Amanda Bernsohn
Christian Cerrito
Eduardo Lytton

Pinhole Painter Camera

Combining the joy of discovery in film photography with the immediacy of digital photography, this digital pinhole camera lets users “paint” the image of a pinhole camera—embracing any beautiful accidents along the way.

Introduction to Computational Media - Thur (O'Sullivan),Introduction to Physical Computing - Wed AM (Igoe),Introduction to Physical Computing - Wed PM (Igoe)

Two users, a Subject and Photographer, are invited to take a portrait with this device— a pinhole camera outfitted with an array of photosensors that communicates directly with a computer. This array of photoresistors senses the light values of the Subject's image and is on a floating mechanism that can be moved along the x and y axes of the image plane. As the Photographer moves the handle (manually controlling the position of the array), he or she “paints in” the image of the subject. Sensor values are fed into a Processing program that converts this data into a low-resolution image. Old time picture-taking fun, mixed with the immediate gratification of digital still photography of the modern world! Inspired by the happy accidents that occur when taking pictures with the Holga camera, the Pinhole Painter will produce images that are not sharp and that have blips and strange defects due to the subject’s movement and the camera's bare construction. And we will love those happy mistakes!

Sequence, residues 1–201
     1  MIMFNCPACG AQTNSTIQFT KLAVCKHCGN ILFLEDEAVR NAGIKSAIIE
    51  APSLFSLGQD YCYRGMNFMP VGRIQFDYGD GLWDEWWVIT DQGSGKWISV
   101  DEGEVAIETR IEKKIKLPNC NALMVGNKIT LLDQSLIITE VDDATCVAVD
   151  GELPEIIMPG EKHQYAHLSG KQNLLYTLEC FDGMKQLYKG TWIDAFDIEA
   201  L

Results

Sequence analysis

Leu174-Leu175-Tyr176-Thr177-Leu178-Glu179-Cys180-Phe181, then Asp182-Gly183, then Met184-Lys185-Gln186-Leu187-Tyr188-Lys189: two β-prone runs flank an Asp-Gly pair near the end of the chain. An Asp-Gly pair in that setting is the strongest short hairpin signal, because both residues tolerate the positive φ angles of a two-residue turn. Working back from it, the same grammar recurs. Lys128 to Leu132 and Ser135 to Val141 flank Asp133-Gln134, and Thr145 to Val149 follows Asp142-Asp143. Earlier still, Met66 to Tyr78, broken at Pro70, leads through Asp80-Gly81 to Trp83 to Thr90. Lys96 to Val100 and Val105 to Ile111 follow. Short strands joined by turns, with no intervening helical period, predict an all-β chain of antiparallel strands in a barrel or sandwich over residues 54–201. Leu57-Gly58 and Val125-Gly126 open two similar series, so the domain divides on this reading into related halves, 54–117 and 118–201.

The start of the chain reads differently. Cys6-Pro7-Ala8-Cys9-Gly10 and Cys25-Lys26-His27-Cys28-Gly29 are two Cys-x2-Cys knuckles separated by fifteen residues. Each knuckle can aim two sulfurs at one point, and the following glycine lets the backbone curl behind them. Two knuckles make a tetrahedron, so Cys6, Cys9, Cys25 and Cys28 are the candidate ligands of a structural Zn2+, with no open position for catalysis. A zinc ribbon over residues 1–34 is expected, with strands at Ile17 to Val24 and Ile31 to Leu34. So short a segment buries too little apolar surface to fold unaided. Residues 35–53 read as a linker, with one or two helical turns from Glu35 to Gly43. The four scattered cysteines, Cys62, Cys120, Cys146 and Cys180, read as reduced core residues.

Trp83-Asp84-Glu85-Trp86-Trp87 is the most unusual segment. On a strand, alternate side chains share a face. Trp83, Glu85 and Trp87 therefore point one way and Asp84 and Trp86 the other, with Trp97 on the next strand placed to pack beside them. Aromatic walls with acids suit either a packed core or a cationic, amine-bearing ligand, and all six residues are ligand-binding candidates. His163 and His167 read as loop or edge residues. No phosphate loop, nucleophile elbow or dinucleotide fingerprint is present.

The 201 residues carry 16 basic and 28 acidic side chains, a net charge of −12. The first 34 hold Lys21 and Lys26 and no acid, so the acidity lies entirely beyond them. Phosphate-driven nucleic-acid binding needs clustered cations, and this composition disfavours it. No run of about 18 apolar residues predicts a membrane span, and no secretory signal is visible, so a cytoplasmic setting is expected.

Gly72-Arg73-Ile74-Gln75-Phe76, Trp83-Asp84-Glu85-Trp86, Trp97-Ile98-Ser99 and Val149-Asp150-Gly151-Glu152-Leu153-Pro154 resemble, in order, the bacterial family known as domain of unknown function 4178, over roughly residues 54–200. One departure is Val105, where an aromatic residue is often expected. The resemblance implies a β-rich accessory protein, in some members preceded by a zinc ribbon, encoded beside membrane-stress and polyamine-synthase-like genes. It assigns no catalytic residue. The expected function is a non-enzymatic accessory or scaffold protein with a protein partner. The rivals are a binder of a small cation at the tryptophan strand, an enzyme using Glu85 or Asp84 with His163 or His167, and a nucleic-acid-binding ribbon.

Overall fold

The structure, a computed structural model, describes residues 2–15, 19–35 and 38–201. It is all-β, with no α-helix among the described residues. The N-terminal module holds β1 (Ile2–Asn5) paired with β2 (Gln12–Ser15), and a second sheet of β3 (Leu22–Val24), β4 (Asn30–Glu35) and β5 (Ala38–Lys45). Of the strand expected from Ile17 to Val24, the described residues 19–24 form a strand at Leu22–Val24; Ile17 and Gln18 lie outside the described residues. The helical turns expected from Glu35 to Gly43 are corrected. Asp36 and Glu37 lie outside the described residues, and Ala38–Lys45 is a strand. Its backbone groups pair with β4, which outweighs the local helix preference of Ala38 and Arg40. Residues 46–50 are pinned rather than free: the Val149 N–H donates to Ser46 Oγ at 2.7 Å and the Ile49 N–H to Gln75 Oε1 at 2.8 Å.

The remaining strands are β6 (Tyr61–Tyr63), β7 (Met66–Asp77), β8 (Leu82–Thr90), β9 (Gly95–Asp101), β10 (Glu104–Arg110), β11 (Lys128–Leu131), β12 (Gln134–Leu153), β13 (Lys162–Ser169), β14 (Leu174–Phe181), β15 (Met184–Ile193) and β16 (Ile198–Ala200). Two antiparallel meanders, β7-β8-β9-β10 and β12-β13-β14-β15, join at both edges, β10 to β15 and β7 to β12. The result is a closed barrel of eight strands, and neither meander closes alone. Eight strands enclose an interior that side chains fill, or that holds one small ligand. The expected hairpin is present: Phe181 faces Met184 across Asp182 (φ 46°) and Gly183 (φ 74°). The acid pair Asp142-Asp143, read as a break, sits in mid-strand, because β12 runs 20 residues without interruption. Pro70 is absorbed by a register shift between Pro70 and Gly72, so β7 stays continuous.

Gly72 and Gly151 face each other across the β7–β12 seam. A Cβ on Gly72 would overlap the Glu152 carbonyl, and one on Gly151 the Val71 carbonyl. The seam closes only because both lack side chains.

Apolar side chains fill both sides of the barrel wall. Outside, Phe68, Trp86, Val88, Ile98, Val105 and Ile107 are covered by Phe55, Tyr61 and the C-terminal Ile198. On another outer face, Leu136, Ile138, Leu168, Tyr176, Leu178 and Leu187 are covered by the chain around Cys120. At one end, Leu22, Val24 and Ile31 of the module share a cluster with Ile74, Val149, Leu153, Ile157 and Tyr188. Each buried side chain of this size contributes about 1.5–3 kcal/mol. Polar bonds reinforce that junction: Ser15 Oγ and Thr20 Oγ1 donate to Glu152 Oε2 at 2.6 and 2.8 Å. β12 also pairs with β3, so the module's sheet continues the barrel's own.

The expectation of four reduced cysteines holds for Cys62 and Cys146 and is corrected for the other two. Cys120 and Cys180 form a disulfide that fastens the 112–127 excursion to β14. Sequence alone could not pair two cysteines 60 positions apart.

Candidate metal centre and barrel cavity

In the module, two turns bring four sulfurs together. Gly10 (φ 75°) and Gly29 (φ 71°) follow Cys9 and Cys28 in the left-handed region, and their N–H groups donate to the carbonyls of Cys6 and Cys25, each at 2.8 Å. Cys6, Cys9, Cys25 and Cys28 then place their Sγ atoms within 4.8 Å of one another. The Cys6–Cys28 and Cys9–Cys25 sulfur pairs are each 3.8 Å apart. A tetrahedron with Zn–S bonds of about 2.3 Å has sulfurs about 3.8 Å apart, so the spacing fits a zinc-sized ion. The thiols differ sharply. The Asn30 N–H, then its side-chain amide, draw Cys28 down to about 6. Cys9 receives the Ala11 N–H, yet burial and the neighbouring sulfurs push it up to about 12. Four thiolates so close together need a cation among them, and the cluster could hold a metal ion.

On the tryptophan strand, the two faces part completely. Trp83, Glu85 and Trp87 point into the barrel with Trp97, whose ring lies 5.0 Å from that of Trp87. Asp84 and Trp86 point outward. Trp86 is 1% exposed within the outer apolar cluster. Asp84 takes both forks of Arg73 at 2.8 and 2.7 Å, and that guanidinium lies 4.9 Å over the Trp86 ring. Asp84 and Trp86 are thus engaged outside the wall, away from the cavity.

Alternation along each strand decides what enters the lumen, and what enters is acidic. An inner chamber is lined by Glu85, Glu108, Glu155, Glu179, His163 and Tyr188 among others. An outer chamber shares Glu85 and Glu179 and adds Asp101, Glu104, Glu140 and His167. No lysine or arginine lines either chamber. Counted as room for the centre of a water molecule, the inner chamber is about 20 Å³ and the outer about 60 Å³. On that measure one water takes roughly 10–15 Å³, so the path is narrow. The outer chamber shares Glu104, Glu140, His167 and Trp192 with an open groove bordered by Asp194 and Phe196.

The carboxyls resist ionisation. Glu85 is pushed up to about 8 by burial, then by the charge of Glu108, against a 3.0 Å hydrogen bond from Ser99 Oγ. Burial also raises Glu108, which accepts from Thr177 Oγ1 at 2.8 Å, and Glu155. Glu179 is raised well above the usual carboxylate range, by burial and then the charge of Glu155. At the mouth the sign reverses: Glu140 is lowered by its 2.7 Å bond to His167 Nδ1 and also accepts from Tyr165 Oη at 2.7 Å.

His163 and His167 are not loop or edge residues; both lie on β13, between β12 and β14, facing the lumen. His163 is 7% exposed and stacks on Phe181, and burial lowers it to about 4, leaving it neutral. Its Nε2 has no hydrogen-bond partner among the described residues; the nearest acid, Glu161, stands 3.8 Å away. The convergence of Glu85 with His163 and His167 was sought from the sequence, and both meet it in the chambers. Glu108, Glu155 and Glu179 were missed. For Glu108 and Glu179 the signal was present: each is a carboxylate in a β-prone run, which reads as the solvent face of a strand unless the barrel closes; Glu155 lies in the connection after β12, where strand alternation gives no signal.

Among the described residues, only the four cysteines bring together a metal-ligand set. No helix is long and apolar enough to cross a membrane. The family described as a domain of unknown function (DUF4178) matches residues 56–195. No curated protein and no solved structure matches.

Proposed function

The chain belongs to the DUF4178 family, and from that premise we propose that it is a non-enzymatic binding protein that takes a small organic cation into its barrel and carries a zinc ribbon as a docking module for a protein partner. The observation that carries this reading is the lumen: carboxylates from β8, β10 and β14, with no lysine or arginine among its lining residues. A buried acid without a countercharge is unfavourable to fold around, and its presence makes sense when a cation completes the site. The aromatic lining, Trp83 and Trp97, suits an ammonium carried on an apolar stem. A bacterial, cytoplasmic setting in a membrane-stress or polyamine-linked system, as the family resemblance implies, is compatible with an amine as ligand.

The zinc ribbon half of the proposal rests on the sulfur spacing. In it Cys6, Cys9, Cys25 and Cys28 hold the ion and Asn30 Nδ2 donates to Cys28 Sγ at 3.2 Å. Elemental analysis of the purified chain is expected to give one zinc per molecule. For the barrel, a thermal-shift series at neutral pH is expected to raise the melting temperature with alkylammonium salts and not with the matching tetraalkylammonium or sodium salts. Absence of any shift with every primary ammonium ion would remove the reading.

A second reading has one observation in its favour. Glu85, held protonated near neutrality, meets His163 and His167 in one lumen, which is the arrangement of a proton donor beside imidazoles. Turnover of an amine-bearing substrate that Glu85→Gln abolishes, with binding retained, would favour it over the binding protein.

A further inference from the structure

Before embarking on our project it was important for us to research any similar projects that involved reducing digital cameras to their most basic form. We found some documentation on projects that took existing devices and hacked them or modified them to make "digital pinhole cameras" or "scanning cameras." After further research we found little or no indication of anyone attempting to do what we hoped to do: combining a pinhole camera with a homemade CCD (charge-coupling device) that used the capture method of a scanner.... Taking a little from here and little from there, we hoped to get a better picture of how our digital photo device could work as a whole. We ventured into the waters of optics, computer vision, astronomy (lucky imaging), the physics of light, the history of photography, and how an Etch-a-Sketch works, among other things. Within the realm of digital photography, some of the concepts we flirted with included: CCDs, scanners, camera backs, camera hacking, lenses, and resolution. Our simple goals were to learn the most we could about the basic principles and hardware in photography while having fun in the design, construction, and use of our device. We hope that you can learn from what we learned!

The Pinhole Painter Camera is a playful device for anyone who enjoys taking digital pictures. It is specially targeted to Photo Enthusiasts who secretly miss the richness of film photography: the joy of watching the image develop on the photo paper before your eyes, of looking through a viewfinder, of not knowing exactly what you were going to get... The Pinhole Painter hopes to regain some of the imprecise magic and mystery of the cameras of days of old.